Router – A router is like a private phone system. You have extensions on that private phone system. I can call upstairs from downstairs, and I can call downstairs from upstairs. I can also call out to my Grandmother, though. If my Grandmother wants to call me, she calls one number, but would either need to know my extension or she wouldn’t be able to reach me (unless the phone system was set up to forward the call). Each extension doesn’t have its own public phone number though; they share the phone number of the main line.

Switch – A switch is like a combination of a router and a hub. A switch determines where communications need to go and routes them accordingly. It also lets devices have unique IP addresses (comparable to separate phone numbers). If my Grandmother called my upstairs line, it would make sure that the call rang only the upstairs extension, and vice versa. If two computers tried to use the line at the same time, the performance would stay fairly constant because the communications would go only where they need to go. A switch doesn’t assign IP addresses though; it just keeps things moving in the direction they’re supposed to move.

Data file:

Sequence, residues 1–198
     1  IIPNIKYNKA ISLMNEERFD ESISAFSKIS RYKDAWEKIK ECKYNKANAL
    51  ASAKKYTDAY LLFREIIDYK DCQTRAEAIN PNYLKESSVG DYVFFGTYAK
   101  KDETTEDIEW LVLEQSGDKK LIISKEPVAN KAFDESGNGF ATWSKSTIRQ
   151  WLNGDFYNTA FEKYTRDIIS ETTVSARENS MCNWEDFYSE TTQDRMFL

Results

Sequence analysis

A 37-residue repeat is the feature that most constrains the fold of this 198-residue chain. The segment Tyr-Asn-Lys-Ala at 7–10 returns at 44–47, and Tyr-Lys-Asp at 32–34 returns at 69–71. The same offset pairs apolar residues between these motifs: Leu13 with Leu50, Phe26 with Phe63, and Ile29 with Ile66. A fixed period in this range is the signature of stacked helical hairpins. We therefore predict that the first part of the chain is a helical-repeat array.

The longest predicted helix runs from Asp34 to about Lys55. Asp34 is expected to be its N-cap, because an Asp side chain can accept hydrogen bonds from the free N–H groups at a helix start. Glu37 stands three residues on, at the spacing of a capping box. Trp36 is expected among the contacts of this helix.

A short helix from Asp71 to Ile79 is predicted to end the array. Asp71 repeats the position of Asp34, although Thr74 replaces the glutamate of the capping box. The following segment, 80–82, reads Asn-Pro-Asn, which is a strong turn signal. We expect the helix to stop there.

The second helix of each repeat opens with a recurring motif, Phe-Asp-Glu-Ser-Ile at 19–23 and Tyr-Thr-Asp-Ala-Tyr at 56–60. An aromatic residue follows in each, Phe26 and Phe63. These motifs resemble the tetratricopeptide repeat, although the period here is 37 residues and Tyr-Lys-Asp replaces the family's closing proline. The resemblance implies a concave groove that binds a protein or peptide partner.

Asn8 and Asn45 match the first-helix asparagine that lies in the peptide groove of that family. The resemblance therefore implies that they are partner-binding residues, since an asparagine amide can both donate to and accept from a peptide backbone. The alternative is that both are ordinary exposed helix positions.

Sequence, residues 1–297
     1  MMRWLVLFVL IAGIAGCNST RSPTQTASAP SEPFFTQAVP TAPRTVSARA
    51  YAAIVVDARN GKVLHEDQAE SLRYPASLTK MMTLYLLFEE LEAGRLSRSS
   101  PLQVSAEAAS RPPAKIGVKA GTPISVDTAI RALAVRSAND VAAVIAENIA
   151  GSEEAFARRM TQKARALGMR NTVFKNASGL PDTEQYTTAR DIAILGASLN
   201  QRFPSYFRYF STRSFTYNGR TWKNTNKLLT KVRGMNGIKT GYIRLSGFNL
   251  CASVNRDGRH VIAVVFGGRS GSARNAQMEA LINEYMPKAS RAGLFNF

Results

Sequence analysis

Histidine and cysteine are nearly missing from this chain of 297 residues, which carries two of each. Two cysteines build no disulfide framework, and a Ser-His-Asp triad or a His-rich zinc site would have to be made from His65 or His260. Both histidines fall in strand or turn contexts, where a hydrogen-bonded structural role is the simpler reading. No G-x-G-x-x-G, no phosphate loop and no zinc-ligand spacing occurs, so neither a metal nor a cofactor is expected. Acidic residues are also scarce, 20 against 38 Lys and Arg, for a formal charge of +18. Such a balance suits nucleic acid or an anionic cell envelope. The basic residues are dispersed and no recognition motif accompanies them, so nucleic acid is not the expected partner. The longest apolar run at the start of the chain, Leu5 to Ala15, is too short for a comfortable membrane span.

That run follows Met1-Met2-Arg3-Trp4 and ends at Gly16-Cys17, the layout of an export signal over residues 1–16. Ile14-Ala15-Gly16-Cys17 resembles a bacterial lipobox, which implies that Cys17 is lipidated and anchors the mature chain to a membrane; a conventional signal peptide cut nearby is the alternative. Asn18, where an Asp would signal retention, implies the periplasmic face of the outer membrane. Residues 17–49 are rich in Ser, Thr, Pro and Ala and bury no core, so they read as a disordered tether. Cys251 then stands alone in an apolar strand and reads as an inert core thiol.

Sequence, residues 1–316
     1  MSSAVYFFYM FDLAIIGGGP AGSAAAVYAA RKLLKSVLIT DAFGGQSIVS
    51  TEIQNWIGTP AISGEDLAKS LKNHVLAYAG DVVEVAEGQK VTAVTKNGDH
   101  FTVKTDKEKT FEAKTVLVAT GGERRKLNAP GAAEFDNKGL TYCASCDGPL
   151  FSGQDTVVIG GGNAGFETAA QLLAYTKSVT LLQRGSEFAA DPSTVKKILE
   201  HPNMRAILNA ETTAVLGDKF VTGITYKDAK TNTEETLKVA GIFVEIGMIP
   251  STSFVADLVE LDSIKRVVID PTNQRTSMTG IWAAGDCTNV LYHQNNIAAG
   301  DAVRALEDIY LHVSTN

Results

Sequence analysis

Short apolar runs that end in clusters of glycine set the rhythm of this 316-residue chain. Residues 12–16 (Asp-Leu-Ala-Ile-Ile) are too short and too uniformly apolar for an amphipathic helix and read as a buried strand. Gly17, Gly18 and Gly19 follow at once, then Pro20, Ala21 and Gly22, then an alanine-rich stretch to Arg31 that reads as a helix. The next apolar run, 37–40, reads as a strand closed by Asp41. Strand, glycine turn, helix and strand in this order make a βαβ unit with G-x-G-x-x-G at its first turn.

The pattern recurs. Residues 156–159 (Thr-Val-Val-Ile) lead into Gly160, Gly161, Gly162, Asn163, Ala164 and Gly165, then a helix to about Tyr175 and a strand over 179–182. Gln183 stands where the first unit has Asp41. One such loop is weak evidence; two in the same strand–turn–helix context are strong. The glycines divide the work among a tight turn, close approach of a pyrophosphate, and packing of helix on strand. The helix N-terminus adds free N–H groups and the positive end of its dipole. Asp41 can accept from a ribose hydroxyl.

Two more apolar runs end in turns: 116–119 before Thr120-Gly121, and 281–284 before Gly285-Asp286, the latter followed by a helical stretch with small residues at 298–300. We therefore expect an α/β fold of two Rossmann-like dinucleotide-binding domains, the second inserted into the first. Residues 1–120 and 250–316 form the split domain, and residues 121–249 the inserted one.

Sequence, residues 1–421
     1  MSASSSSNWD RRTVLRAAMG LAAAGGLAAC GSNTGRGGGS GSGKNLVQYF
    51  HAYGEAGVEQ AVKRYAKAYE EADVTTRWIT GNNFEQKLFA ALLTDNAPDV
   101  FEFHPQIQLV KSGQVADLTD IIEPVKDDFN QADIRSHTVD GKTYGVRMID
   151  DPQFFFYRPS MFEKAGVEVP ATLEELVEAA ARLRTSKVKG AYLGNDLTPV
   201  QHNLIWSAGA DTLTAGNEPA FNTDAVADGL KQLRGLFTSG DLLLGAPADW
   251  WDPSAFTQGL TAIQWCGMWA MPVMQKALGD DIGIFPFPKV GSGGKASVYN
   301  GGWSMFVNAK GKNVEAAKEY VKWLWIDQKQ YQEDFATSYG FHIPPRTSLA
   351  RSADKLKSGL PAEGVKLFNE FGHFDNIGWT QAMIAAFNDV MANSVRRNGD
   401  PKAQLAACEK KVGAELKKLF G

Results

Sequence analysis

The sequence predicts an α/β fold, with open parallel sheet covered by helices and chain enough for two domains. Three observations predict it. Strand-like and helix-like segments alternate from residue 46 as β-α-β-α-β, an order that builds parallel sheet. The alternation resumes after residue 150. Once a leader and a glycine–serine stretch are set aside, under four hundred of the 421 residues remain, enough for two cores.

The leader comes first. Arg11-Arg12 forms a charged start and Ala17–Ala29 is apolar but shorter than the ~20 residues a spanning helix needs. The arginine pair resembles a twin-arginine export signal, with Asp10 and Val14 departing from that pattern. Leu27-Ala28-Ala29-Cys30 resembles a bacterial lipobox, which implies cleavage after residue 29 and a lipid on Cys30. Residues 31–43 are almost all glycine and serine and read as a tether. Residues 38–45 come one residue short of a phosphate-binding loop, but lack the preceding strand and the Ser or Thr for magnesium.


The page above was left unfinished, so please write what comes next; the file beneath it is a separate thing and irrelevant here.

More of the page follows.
So, the ‘expert’ from my office called me his bitch and showed off his impressive knowledge of networking components, never even stopping to listen to a word I had to say. Go ahead, and call Optimum Online, and ask if you need a hub or a router. I dare you. Go ahead, and pick up a book on networking, and figure out how ‘layers’ work. For those that are interested, a hub works on the physical layer (I), a switch works on the data link layer (II), and a router works on the network layer (III). The terms ‘hub’, ‘switch’, and ‘router’ are not interchangeable.

So to the idiots at work that think you’re smarter than me because you’re older than me and have wasted more of your time with an organization that doesn’t respect you: congratulations on your experience, but if you’d like to have someone else do my job, you can get someone that’s older than me and just not as smart. That’s a line from Doogie Howser, right there.

Tags: Computers · Technology